-Have you tried the stewmac heatstick for removing necks?
-If so, how was it? Did it work and heat/loosen the neck in a reasonable time? Any wood burn? Etc
-Where the larger holes you have to drill a problem at all?
Very easy to burn yourself. It worked, but the stick got stuck in hide glue later on and I destroyed the soldering iron trying to loosen it. Only good if you have a lacquer that can't cope with water.
The holes are no problem with an ebnony fretboard, a small problem with rosewood and a big problem with light wood like maple.
I have had very good results with the Heat Stick(after years of using steam). Yes, there is a larger hole to fill in the fret slot, but done well, it's almost unnoticeable(although I have not used it yet on a maple fingerboard). The big plus, of course, is there's zero worry about steam damage...which is always a possibility, especially with recalcitrant neck joints. One caveat; the Heat Stick instructions direct one to turn the heat control all the way up...not good: that can scorch the fingerboard around the hole. Best to keep the temperature setting below the scorch point. And, I pull the stick out frequently(briefly) to prevent it sticking.
I now have to qualify my above post. On my last neck removal(a '34 Epiphone Spartan), the heat stick became solidly stuck, despite my frequent removal to clean off glue. I did eventually manage to remove it, but it was a bit tense. In future, I plan to remove the HS very frequently, to avoid the problem. I still think it beats steaming.
Another chapter in my use of the HeatStick: I had to remove the neck on a hacked, woebegone '40-ish Gibson L-50 archtop. After loosening the fingerboard extension, I set up and inserted the Heatstick. It took about 1-1/4hours, before the joint let go(mainly, I think, because of the wide heel being glued to the sides, a common Gibson detail). Then I discovered that the top was glued over the dovetail...but that's a different story. This is why I love the HeatStick: no worry about steam damage, during these recalcitrant slow-to-loosen neck joints.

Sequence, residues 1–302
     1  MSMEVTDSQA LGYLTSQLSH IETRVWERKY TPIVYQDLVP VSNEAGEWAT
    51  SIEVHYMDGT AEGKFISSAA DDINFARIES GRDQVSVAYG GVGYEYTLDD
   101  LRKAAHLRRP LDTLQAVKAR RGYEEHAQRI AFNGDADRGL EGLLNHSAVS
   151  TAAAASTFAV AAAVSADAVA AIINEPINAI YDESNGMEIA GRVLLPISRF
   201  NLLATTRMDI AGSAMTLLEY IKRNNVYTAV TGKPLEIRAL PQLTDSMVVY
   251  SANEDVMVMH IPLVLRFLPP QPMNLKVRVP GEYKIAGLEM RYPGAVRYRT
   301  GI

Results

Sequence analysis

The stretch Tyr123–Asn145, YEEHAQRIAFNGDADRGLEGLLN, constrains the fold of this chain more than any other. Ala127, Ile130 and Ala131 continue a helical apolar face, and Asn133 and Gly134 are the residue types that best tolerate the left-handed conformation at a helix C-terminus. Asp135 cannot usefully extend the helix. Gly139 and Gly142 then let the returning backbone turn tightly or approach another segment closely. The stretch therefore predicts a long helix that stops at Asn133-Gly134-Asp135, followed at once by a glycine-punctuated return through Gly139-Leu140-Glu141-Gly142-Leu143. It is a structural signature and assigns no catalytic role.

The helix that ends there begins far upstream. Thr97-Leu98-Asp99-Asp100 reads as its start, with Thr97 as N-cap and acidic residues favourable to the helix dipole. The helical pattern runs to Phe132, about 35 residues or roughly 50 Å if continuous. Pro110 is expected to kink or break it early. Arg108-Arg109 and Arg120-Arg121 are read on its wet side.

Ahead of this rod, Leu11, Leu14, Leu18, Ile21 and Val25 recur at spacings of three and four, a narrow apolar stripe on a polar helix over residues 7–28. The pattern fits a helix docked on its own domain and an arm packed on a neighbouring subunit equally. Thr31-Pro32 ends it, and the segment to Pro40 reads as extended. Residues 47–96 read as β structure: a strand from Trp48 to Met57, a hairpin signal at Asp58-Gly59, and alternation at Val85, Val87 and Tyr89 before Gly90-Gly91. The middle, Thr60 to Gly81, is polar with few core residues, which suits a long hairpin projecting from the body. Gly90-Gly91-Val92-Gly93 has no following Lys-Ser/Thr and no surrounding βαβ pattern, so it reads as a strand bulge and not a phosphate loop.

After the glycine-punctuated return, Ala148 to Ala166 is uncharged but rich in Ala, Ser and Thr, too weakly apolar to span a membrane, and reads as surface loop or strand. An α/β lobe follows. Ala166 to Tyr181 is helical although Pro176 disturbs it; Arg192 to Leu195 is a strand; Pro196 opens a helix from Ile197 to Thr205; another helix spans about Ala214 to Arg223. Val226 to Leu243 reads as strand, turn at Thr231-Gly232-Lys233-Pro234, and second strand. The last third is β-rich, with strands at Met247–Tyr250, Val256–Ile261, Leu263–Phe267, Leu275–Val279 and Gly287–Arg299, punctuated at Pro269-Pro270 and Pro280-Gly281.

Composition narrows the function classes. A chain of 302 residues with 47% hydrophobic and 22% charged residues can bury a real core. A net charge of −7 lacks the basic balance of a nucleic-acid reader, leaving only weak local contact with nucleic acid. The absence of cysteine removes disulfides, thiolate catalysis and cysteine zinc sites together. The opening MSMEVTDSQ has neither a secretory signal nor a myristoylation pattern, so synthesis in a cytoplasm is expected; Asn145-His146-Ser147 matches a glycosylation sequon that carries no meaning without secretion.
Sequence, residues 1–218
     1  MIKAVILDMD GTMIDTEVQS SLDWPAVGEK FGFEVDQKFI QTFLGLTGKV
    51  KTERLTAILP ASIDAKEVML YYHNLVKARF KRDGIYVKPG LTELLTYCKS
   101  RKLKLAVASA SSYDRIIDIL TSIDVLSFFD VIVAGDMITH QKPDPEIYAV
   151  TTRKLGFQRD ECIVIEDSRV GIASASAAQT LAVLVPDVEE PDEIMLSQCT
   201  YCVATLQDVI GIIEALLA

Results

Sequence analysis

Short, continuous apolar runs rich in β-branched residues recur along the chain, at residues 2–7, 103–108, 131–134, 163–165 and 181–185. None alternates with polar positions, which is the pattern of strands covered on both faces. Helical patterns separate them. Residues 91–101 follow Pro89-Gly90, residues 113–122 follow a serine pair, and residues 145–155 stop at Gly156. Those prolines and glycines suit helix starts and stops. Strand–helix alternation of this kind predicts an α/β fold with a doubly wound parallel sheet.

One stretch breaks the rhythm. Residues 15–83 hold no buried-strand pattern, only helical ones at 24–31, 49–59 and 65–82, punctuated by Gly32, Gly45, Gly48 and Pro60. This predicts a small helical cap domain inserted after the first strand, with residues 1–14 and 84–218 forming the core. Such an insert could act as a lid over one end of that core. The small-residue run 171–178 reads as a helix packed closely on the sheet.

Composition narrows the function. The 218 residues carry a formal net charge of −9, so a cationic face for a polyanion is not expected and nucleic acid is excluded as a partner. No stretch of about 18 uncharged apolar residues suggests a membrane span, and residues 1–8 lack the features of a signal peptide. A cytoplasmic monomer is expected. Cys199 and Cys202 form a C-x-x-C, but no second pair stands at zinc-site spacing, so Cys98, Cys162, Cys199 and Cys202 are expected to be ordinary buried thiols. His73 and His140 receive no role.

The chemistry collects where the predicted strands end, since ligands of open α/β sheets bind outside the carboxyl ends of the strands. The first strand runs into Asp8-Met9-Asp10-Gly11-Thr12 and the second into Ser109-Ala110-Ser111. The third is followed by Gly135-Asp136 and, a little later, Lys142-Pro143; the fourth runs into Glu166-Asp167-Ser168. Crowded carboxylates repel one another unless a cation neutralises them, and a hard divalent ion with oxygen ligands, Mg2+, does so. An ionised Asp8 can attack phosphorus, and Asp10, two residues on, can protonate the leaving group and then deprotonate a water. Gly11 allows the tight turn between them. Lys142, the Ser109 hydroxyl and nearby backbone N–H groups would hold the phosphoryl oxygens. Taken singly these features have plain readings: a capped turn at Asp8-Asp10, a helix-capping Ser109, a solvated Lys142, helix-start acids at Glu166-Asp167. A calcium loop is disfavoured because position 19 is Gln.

Does running the soldering iron for 1 1/4 hours burn up the iron at all? Are you running it at a low temperature?
It hasn't so far, and I've had several neck removals that took that long. I have the StewMac supplied controller with the digital readout: temp is set about 400 degrees centigrade.
Most removals do not take anywhere near as long.
Sounds pretty useless. What espresso machine (for steam) would get the job done for cheap?
Looking at those machines the ones I am seeing are expensive.
I'm looking to expand into neck resets, so this is the first adventure into it.
PS. Have you guys tried the stewmac neck removal jig, and is something like that necessary? Can't you just wiggle it off after steaming it?
My old espresso machine died years ago, so I got a hand-held steam cleaner gizmo and stuck the Stew-Mac hose onto the nozzle. Works fine, plus it has a handy trigger for on/off. When I want to give the pocket a blast of steam, I first aim the needle into the trash barrel and pull the trigger for a second to clear condensed water out of the hose.
I have the neck removal jig but I haven't used it in a long time. I support the heel on the edge of my bench with a leather-covered block and put a Quick-grip bar clamp on either side of the neck. I can tighten the clamps just a bit and wiggle the neck up and down, back and forth, with one hand while I check for movement.
Can you link me to this gizmo, or something like it? Sounds great being small and hand held.
The one I have is branded "Scunci" and, of course, it's no longer available, but this
is very similar. There are several other variants available.
I use a similar device. I cut my Stewmac hose in the middle and use a small plastic petrol can to catch most of the excess water. I also use a thick rubber band to press down the button for a continuous stream of vapor. I had to remove most of the plastic on the lid of the "gizmo" to be able to refill without waiting for the safety spring to get cold. I will take a picture of the setup :-)
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